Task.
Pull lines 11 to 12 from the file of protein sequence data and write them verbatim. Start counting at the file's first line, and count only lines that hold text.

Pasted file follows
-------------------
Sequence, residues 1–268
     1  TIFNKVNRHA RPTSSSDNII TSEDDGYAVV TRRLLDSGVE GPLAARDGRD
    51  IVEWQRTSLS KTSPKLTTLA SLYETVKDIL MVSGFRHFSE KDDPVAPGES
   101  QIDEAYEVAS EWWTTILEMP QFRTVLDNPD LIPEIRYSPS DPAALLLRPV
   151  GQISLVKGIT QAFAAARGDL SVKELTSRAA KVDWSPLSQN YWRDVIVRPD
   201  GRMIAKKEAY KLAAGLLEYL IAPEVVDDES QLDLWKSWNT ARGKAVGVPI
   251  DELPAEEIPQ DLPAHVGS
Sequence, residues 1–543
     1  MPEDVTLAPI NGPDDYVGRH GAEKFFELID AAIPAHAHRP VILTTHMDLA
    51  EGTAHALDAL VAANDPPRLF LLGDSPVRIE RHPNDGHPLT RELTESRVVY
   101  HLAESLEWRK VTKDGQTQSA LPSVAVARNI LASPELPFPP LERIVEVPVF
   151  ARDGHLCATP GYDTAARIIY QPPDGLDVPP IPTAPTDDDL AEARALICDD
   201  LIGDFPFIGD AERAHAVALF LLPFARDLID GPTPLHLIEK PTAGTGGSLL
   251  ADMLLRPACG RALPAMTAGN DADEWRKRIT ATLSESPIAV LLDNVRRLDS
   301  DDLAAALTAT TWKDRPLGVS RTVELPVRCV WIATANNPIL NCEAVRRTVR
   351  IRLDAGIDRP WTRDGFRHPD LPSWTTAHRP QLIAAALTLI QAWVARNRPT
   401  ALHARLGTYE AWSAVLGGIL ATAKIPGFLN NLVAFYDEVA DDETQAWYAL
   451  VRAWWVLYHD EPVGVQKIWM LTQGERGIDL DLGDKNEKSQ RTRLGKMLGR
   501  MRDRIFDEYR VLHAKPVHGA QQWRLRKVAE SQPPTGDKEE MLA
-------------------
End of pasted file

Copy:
   101  HLAESLEWRK VTKDGQTQSA LPSVAVARNI LASPELPFPP LERIVEVPVF
   151  ARDGHLCATP GYDTAARIIY QPPDGLDVPP IPTAPTDDDL AEARALICDD